Be wary of National HIV Testing Week – in support of AIDS ‘denialism’

23-30 November is National HIV Testing Week, and for the first time it will be observed in England courtesy of the Terrence Higgins Trust.

The aim of this week is for consistent risk groups to come and get tested; that is gay men and Africans. However, given the fact that HIV-positivity doesn’t always progress to AIDS even without medication, that it doesn’t behave like a true infection by having remained within a cohort for 30 years, and that there are other holes in the HIV/AIDS hypothesis, I am asking such people (and even drug addicts) to consider refraining from testing. While I do not doubt that chronic HIV-positivity can indeed signify a health problem, questions remain as to whether HIV really does cause AIDS; and resultantly the medication given can equally do inappropriate harm as well as good.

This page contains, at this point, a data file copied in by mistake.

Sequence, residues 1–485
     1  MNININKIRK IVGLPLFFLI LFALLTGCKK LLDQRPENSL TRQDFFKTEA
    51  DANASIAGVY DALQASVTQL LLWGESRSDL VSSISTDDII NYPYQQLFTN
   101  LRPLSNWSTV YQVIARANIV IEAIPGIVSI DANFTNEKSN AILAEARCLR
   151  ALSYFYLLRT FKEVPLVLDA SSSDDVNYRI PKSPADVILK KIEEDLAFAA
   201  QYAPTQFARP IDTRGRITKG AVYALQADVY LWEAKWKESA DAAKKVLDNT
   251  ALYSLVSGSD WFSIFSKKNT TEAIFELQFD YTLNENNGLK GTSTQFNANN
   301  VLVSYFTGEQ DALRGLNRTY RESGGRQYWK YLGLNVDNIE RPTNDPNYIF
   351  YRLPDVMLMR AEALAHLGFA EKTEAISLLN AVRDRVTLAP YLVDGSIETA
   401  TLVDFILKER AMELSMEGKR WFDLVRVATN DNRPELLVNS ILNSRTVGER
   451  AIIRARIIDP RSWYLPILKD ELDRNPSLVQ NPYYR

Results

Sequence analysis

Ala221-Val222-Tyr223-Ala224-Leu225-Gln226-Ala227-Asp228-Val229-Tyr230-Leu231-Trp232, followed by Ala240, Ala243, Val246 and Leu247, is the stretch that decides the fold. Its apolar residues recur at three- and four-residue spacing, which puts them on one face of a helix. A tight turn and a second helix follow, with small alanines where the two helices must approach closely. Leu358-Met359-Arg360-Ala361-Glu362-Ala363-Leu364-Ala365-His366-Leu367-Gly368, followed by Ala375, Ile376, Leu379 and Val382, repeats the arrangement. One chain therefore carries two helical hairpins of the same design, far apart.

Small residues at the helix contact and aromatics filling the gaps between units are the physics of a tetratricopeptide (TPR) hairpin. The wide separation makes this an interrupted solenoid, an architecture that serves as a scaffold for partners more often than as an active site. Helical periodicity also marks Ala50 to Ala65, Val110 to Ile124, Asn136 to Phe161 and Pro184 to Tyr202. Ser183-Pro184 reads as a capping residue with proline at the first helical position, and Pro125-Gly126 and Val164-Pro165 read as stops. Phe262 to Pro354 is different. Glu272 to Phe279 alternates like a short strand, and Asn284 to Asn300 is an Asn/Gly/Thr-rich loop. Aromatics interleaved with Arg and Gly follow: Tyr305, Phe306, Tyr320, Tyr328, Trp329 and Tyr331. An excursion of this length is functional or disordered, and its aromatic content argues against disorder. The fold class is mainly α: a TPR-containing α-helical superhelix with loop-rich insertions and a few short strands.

My book features an extensive chapter on what the myriad causes of AIDS may be, plus a summation of HIV/AIDS hypothesis refutations. The role I adopt is that of HIV sceptic; I am not an AIDS denialist. In fact, most AIDS denialists are simply HIV sceptics.

December 1 is World AIDS Day, and perhaps you might consider some subterfuge: buy a strip of red ribbon, fashion a cut into a loop and wear it upside down. Most might think you’ve erred in pinning it; someone, though, might question what you’ve done and this can initiate argument.

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